Dogs must be taken out soon after each feeding. Gradually, with age, your dog will be able to contain itself for longer periods, and you can reduce the required outings to three or four a day. If you pay close attention, you may notice "signals" or "signs" that your dog needs to "go outside."

The crate should have only enough space for the dog to rest comfortably, stand and turn around.

Let me know if you have any problems.

Donna Malone, President
Responsible Animal Owners of Tennessee, Inc.
raotinc@aol.com


Subject: [DOG-RESCUE] CHAT: puppymill advice (pt. 1)
Date: Wed, 4 Nov 1998 22:29:39 -0500
From: Sidney Helen Sachs - sleddog@GTE.NET

Part 1:

Meat on bones? OK. We rescued 6 (a year ago from a mill) and have a nursing momma (from BYB) and 6 pups now, so...

Bring them home:

  1. Have an isolation pen already set up -- ISOLATION means no contact or common fences with other dogs. PERIOD. I'm SERIOUS (and treating 12 adults and 6 puppies for nursing momma's mange, thank you. I KNOW better.)
  2. Take pictures before you do ANYTHING. This will be for YOU when you get discouraged months later.
  3. Examine them. Every inch. Look for cuts, bumps, scrapes. Bald patches. Ear mites. Bad teeth. Eyes that reflect light funny. Lumps. Discharges. Bad breath. Take notes. In writing.
  4. Dip them in flea/tick/mange juice (once a week for a month).
  5. Treat ears anyway. Clean with wipes anyway.
  6. Give booster shots.
  7. Deworm with panacure for 3 days start today regardless of what Vet says -- tests can miss stuff.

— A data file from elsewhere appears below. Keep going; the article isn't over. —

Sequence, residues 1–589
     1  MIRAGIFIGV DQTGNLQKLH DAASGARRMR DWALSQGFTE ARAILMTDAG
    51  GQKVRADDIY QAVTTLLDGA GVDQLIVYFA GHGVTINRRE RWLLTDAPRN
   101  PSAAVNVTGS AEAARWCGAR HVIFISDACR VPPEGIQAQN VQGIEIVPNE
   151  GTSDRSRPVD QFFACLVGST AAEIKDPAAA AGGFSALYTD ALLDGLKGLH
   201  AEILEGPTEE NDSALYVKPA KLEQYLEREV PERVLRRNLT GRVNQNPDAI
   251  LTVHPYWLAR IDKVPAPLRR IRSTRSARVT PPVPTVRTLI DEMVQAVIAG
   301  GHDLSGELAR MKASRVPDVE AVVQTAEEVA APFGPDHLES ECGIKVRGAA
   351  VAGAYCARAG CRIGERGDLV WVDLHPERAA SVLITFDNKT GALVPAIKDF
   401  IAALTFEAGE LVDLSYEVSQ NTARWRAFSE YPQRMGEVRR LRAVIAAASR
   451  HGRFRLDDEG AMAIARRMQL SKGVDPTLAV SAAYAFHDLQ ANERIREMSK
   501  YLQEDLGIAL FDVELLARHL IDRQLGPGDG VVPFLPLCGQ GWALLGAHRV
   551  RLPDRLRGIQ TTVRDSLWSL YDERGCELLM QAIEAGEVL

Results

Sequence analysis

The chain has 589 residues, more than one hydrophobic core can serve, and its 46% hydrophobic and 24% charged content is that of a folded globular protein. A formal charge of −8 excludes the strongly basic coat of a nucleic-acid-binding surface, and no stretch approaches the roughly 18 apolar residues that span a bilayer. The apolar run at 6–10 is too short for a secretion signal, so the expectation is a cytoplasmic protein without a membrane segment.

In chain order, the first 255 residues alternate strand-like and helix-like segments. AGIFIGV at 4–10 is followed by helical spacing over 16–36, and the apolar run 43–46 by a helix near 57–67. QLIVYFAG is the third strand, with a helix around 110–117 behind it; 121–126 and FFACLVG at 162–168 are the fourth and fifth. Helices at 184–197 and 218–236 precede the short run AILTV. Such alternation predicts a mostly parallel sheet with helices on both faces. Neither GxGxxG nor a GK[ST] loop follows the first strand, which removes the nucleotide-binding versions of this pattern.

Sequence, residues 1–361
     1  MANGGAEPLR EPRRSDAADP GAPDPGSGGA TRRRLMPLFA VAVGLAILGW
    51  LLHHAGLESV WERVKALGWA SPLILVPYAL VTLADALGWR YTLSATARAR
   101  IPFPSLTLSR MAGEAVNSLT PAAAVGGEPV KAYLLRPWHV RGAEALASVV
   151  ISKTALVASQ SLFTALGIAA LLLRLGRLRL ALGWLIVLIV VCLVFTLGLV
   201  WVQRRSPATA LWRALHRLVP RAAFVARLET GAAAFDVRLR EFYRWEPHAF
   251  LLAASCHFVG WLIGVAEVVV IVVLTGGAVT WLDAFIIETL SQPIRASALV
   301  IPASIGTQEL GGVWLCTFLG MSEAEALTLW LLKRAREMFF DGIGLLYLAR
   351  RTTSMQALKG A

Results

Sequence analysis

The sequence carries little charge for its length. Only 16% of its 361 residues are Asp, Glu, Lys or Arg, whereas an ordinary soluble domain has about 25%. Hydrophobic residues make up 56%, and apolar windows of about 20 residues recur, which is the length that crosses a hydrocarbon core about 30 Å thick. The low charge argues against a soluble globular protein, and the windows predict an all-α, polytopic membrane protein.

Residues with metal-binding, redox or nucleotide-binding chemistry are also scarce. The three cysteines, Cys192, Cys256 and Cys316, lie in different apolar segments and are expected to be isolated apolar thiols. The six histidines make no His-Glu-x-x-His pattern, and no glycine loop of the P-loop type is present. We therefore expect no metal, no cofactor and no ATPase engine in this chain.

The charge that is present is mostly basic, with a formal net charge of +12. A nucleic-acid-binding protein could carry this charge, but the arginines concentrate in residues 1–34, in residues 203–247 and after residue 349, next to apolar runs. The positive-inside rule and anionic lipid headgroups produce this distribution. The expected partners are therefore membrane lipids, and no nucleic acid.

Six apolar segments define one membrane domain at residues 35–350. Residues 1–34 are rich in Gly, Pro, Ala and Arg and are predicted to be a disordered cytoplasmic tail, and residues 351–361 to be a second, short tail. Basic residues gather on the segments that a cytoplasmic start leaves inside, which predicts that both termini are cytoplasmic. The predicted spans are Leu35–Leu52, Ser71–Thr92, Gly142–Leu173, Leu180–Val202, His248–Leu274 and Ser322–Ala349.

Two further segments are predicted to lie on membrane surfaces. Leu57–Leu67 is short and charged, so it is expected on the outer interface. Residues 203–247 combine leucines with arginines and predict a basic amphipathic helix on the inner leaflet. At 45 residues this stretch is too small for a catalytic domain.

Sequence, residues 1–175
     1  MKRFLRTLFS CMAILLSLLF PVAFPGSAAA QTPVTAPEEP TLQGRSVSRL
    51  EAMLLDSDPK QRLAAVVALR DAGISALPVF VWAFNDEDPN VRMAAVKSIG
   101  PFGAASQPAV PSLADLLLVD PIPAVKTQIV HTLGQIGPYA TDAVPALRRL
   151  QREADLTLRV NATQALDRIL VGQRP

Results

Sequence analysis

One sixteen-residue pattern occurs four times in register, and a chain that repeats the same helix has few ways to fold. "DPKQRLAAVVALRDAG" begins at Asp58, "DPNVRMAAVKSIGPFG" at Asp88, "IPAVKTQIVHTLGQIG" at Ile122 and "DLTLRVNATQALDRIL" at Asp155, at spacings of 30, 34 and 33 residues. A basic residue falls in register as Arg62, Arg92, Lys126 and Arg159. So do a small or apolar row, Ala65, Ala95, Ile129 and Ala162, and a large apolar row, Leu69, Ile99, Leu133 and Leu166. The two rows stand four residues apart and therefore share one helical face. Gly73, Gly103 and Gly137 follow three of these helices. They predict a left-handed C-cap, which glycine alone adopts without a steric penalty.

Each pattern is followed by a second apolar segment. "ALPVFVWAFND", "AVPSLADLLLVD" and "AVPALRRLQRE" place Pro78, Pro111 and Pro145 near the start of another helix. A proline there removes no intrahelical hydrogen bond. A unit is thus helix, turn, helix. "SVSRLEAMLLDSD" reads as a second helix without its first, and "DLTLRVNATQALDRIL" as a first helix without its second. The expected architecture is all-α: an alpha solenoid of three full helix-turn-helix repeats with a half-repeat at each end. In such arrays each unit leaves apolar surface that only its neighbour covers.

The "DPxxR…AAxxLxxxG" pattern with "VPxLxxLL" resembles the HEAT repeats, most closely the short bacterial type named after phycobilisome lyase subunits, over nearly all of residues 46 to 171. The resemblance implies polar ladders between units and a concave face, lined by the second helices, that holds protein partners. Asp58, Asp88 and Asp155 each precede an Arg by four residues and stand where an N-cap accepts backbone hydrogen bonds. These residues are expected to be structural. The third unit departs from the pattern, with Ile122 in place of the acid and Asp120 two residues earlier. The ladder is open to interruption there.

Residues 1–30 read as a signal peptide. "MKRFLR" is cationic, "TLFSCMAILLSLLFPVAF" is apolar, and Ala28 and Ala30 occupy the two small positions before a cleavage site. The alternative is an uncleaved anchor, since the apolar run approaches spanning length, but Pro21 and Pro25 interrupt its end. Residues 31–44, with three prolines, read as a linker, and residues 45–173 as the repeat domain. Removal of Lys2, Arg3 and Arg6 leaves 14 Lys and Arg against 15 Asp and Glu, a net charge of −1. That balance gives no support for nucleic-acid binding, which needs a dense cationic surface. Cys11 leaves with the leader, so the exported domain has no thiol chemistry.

8. Bathe dogs. Again. Use something harsh as needed, or human shampoo, but get them clean. Remember when you bathe a dog you are cleaning the SKIN not the HAIR. Condition the h*ll out of them afterwards.
  9. Cut nails.
  10. Start dog on a good solid food. If fat, give Lite. If skinny, give HIGH protein -- not forever, just till you get the weight on them. No table scraps but a little oil in their food doesn't hurt poor coats.
  11. Feed in crate. If dog doesn't eat, so be it. Take the food up and put the dog out for an hour. And bring the dog back in the house (still wet, right? don't blow dry new dogs, freaks them out). Crate training starts tomorrow. For tonight give them crate in lot with door off. If they go in-- terrific. If not, OK, too.
  12. Start a Rescue Diary or Journal. Take pictures. Write down their medical treatments and progress because you will NEED this later when they are ready to go and when you are foolish enough to do this again with the next batch.
Get them to the vet (After bath, contrary to popular opinion vets do NOT like to examine dirty dogs):
  1. Vet exam -- give him your findings
  2. Do HW test (already have decided what you are going to do if Positive or she finds cancer, etc.)
  3. Rabies
  4. weight & age estimation -- do NOT tell him what the paperwork says, it can LIE.
  5. Let blood work, etc. wait until you have some idea what is normal for this dog.
Sidney Helen Sachs & Ken Copeland
Shaconagee & Sleddog Rescue
Alaskan Malamutes & Siberian Huskies
http://home1.gte.net/sleddog/


Subject: [DOG-RESCUE] CHAT: puppymill advice part 2
Date: Wed, 4 Nov 1998 22:30:44 -0500
From: Sidney Helen Sachs - sleddog@GTE.NET

Part 2:

Bring them home and start socialization:

  1. Crate them for at least an hour after feeding. LISTEN for them to freak out. Ignore it. Let them soil the crate if need be the first time. They will HATE it and not want to the second time. Work UP to overnight cratings. If worse comes to worse, feed them in the crate with the door open, but not off. But IN the house so they start thinking of the house as a place to be happy.